The Dark River
I swear I posted a review of the first book in this series, The Traveler, but I'm not seeing it. It's even crossed out on my Big List, and I certainly remember reading it. Brain glitch? Blogger glitch? The Vast Machine? Your guess is as good as mine.
So anyway, I've mostly enjoyed this series so far. Seeing as I was raised by hippies and have run around in the punk scene for most of my adult life, I know plenty of paranoid/tinfoil hat types who prefer to live off the grid. The big bads in this book could have sprung forth from their deepest fears. That's not a complaint - it's a frightening situation, one that all of us in the first world can feel breathing down our necks. Even if we don't believe that we're being watched at all times, I think we're all aware that we do seem to be headed in a surveillance-heavy direction. (Speaking of, ever heard of the Surveillance Camera Players?)
But that sort of thing is a dime a dozen in the world of dystopian literature. What I particularly like about Twelve Hawks' world is the Harlequins, raised from birth to set aside their humanity for the good of the whole, charged with protecting the Travelers no matter what. Against lover, child, friend, or foe. There's something about Maya's journey, her attempts to throw off her responsibilities before embracing the life of the blade, her belief that she can balance a personal life and devotion to a cause if she just does it right, that I find fascinating. The idea of giving up everything for a single obsession is something I'll never wrap my mind around, but I keep wanting to try.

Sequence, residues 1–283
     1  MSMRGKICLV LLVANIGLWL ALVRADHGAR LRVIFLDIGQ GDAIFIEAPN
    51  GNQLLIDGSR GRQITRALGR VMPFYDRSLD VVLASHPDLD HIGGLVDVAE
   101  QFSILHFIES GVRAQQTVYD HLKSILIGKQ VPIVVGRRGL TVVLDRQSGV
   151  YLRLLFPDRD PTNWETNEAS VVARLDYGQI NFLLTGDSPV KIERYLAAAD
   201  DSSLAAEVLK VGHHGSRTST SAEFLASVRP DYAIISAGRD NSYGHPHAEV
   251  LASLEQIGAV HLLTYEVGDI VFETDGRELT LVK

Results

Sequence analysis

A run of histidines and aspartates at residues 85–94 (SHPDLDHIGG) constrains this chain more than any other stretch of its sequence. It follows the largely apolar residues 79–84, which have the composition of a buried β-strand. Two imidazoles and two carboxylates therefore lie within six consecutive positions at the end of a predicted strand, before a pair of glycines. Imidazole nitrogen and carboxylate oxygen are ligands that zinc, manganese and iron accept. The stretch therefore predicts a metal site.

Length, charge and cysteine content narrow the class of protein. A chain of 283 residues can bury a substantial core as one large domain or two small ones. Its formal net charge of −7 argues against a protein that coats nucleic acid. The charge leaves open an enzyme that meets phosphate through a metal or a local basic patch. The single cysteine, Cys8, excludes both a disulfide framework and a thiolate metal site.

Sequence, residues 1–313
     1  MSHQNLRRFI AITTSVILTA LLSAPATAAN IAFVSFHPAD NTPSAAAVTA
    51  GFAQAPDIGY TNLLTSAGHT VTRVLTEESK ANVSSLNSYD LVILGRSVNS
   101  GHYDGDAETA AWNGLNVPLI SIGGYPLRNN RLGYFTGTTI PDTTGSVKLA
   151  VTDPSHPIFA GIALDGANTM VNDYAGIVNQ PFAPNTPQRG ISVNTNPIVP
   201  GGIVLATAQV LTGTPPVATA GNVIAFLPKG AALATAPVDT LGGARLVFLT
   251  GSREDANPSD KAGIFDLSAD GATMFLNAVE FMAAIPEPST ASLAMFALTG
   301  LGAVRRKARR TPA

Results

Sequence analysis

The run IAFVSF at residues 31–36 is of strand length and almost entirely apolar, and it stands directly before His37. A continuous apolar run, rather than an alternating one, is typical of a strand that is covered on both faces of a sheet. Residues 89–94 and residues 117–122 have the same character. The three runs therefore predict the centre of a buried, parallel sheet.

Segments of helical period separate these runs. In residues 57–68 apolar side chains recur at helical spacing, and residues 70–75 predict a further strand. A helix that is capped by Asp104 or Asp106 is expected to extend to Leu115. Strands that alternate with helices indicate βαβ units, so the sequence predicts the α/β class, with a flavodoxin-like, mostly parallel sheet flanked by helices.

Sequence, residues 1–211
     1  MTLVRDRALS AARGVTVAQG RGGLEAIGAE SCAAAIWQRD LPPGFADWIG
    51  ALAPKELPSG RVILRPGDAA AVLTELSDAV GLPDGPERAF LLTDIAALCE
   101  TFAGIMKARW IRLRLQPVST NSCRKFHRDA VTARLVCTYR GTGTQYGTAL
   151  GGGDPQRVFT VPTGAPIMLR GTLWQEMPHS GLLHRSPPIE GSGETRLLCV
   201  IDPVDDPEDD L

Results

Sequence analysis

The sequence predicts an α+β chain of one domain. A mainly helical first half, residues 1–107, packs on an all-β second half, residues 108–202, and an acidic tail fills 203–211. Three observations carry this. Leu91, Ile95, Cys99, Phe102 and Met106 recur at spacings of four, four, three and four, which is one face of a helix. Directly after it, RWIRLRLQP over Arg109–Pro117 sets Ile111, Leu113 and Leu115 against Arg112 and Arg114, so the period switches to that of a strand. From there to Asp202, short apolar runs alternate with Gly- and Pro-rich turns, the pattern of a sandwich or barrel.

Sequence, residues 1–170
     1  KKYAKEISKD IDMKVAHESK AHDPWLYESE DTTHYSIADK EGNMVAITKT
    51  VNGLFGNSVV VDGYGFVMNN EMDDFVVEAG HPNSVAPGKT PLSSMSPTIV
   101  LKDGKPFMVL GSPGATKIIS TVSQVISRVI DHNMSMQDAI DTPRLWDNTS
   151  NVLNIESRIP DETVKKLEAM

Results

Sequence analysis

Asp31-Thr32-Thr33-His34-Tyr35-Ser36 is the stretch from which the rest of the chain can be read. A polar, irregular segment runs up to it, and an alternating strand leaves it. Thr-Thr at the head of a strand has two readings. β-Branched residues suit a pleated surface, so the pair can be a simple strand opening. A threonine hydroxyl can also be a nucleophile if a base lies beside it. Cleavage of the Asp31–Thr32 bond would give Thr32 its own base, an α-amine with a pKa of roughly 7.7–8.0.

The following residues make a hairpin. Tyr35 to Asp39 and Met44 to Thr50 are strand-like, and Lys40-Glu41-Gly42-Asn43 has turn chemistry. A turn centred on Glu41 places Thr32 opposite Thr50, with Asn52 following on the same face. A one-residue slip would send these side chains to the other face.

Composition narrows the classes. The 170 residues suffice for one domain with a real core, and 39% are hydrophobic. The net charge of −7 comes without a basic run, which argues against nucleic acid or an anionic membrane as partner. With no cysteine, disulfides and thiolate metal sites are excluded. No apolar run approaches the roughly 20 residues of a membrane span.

I'll admit, I rolled my eyes more than a few times while reading this. More so than with The Traveler. Some of the more comic booky/action moviey bits didn't work for me. Gabriel's time with the free runners, for example, seemed written just to be adapted to screen or video game. Also, I wouldn't mind seeing the plot turns progress past Gabriel meets person/people >> Gabriel learns something important >> Gabriel has to escape quickly >> the people he met get killed/attacked/brutalized >> repeat. But the good outweighs the bad, and I'll pick up The Golden City when I see it on the rack.
PS: Look up the author - he's semi-anonymous. Claims to have never met his author. No one knows he real identity. I love that shit.